Despite the fact that online meetings are here to stay, the most straightforward answer isn't necessarily the greatest.
For most companies, the epidemic has been a severe disruption, but some have benefited. Delivery services, internet grocery stores, and video streaming sites have all grown rapidly. Zoom is one of them.
Zoom's growth isn't simply a function of providing the proper service at the appropriate moment. There were several online meeting platforms to select from, such as 8x8, Cisco Webex and Microsoft Teams, but Zoom was the one that broke out of the corporate world to allow remote pub quizzes, online fitness sessions, and virtual family gatherings.
Users find it simple to use, which is a benefit. Zoom made it very simple to invite non-subscribers and have them join your meetings. It became an obvious default alternative for businesses seeking a reliable, known mechanism for employees to communicate during lockdown in the first half of 2020, owing to its name becoming synonymous with video conferencing.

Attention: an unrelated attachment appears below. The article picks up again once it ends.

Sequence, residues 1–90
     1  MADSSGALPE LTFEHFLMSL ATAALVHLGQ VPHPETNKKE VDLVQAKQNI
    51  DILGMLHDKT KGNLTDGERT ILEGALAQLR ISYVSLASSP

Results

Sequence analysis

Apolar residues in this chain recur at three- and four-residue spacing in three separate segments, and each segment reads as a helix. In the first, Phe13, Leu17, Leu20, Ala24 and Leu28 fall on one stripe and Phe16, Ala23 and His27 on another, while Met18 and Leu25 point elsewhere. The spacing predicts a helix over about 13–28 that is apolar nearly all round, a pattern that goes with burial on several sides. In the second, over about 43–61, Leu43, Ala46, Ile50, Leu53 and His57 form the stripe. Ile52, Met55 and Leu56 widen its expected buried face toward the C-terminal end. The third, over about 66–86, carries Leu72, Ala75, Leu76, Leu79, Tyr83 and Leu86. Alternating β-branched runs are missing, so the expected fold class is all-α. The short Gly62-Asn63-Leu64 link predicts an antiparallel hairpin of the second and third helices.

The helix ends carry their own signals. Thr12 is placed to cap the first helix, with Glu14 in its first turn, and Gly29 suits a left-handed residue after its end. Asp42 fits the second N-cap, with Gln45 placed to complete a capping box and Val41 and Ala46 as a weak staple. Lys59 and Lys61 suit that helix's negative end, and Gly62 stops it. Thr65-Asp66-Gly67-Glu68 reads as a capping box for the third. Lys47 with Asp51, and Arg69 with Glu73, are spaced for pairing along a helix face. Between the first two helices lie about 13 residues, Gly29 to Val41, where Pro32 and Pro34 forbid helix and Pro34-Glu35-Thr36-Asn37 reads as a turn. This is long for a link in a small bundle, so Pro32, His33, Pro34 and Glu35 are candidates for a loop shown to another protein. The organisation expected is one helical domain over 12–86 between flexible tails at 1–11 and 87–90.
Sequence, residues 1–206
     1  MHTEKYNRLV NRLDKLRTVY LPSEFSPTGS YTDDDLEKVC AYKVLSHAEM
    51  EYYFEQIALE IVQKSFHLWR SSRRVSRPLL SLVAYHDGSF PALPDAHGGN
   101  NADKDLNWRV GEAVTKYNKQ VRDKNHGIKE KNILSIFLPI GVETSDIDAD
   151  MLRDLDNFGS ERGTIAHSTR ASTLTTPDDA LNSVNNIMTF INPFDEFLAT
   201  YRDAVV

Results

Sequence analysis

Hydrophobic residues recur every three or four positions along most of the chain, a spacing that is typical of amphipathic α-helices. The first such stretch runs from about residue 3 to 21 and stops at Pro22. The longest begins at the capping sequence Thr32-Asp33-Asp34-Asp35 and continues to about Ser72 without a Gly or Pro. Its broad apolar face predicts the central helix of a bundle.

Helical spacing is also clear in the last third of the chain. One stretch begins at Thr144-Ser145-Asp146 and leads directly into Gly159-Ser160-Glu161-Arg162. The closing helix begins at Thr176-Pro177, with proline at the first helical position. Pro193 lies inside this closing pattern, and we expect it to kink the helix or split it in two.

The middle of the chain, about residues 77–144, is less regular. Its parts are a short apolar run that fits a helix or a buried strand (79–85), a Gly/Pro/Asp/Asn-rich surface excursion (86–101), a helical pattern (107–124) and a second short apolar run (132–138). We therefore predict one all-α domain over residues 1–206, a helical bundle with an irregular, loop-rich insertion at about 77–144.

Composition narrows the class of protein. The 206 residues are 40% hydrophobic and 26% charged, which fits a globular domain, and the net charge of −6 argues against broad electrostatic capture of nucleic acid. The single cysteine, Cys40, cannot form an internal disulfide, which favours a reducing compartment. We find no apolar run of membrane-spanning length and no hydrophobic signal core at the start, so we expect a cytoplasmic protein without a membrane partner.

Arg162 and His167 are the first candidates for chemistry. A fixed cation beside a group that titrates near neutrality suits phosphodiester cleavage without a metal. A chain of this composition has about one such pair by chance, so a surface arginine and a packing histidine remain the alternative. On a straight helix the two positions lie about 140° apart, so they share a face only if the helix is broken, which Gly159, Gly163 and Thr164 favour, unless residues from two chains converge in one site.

Now, although pandemic limitations are finally subsiding, many businesses want their employees to work from home at least part of the time. And for firms that decided on Zoom – or any other service – early in the pandemic, this raises a significant concern.